DECISION AND ORDER
This case is decided pursuant to Chapter 410 of the Texas Workers’ Compensation Act and Rules of the Division of Workers’ Compensation adopted thereunder. For the reasons discussed herein, the Administrative Law Judge (ALJ) determines that: Claimant is not entitled to the requested authorization and coverage for RT300 FES Ergometer for legs for home use for the compensable injury of (Date of Injury).
STATEMENT OF THE CASE
Contested case hearings were held on October 7, 2019, and December 10, 2019, with the record closing on January 13, 2020 to decide the following disputed issue:
Is the preponderance of the evidence contrary to the decision of the IRO that Claimant is not entitled to authorization and coverage for RT300 FES Ergometer for legs is not reasonably required health care for the compensable injury of (Date of Injury)?
The record was held open after the October 7, 2019, hearing as there was insufficient time to hear all witnesses, and another session was held on December 10, 2019. The record continued to be held open for the submission of an exhibit and additional legal authority. The record was closed on January 13, 2020.
Petitioner/Claimant (Claimant) was present, and represented by LE, attorney.
Respondent/Carrier (Carrier) appeared and was represented by HA, attorney.
The following witnesses testified at the October 7, 2019, hearing:
For Claimant: GC.
For Carrier: Dr. BB.
The following exhibits were admitted into evidence at the October 7, 2019, hearing:
Administrative Law Judge’s Exhibits: ALJ-1 and ALJ-2.
Claimant’s Exhibits: C-1 through C-11.
Carrier’s Exhibits: CR-A through CR-H.
The following witnesses testified at the December 10, 2019, hearing:
For Claimant: SS.
For Carrier: None.
The following Exhibits were admitted in evidence at the December 10, 2019, hearing:
Administrative Law Judge’s Exhibits: ALJ-3.
Claimant’s Exhibits: None.
Carrier’s Exhibits: None.
Claimant sustained a compensable injury on (Date of Injury). Claimant testified that he was working on a road crew, and that a large temporary road sign fell and struck him on the top left side of his head. The parties stipulated that the compensable injury extends to and includes at least a concussion, cervical sprain/strain, and C5-C6 disc herniation. Claimant underwent surgery on his neck and there were complications that required two more surgeries. After the second surgery he was paralyzed on his left side. The third surgery improved his condition and he started physical therapy including the use of the RT300 FES Ergometer (RT300) for legs. Claimant testified that the first time he used the machine he saw improvement and he uses it at a rehabilitation facility on Wednesdays. He testified that the physical therapists confirmed to him that he was improving as a result.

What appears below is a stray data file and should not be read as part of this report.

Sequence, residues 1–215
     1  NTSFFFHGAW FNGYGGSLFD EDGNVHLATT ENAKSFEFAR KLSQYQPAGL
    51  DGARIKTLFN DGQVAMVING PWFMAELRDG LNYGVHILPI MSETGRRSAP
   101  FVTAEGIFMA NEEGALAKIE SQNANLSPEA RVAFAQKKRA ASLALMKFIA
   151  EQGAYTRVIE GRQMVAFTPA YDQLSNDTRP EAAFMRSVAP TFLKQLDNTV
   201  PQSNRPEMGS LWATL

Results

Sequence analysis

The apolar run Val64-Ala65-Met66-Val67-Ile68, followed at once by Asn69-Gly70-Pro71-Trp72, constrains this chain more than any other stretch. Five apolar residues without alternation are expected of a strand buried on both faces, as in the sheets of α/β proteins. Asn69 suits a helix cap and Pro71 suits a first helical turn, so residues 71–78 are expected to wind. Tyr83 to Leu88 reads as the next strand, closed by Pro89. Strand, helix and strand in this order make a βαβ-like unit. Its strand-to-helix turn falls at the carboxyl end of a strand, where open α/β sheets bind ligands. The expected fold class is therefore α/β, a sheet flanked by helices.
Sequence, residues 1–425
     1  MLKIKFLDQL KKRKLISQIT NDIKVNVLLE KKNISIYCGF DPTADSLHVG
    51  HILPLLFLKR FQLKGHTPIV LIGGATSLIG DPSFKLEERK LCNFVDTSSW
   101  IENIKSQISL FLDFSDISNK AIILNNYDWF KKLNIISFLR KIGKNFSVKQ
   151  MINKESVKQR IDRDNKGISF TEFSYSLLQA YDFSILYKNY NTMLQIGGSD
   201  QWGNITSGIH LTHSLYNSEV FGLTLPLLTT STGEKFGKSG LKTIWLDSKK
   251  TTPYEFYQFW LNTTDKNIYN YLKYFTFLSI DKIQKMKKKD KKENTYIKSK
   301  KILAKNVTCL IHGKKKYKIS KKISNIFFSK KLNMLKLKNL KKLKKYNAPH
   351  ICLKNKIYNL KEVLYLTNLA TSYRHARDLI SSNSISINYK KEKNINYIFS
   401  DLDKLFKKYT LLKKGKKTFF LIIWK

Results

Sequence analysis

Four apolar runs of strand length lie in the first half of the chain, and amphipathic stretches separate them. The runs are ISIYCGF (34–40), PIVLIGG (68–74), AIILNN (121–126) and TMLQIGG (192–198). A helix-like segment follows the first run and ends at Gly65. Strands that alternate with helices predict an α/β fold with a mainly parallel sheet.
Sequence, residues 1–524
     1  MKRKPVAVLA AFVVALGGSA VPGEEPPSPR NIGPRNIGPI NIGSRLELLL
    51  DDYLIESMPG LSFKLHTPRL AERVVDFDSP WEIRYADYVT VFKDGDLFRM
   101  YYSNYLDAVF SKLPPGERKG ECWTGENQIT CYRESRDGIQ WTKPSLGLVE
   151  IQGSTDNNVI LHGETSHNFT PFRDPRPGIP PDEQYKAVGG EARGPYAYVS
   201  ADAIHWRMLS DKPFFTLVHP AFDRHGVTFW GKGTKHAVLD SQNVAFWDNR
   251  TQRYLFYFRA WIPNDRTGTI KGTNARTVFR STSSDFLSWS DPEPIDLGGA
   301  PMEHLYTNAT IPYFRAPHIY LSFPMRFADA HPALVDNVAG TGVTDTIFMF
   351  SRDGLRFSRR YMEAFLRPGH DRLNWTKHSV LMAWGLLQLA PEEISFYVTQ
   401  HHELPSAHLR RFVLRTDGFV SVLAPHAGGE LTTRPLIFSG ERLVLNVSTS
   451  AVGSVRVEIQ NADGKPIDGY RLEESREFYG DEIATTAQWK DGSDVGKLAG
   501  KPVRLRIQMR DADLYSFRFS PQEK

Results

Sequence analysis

During his rehabilitation therapy following surgery Claimant used an RT300 at least 3 times prior to applying for authorization for the home use of the RT300. It is noted that the issue does not indicate that the request was for home use of the RT300. The request for approval stated “The RT300 FES Therapy System was determined to be the most medically appropriate system of Claimant’s home FES active physical therapy program.” The evidence and arguments of the parties in litigating this matter on the medical necessity for the use of the RT300 was for its use at home. This would presumably require the purchase of the machine or for Carrier to otherwise provide this device to Claimant for his use at home. The ALJ treated the issue as litigated as “Is the preponderance of the evidence contrary to the decision of the IRO that Claimant is not entitled to authorization and coverage for RT300 FES Ergometer for legs for home use is not reasonably required health care for the compensable injury of (Date of Injury).”
The first utilization review of the request for the RT300 for legs was performed by Dr. BB and his recommendation was reflected in request complete dated letter of April 8, 2019. This letter stated that Carrier found that the services or treatment described were not medically necessary or appropriate. The denial indicated that the RT300 for legs is not specifically addressed by the Official Disability Guidelines (ODG). The denial noted it is unclear if the long-term use is needed or that Claimant would use the equipment without direct supervision and that medical necessity is not established. Dr. B testified and stated that in his opinion home use was not appropriate for Claimant as he had comorbidities. He testified Claimant had diabetes, heart disease, was obese, had a smoking history, and hypertension. He opined that the use of the devise in a physical therapy setting with supervision would be safer and that there was risk in using the RT300 at home because of Claimant’s comorbidity conditions. Claimant testified that he did not have any health problems while using the machine at the rehabilitation facility.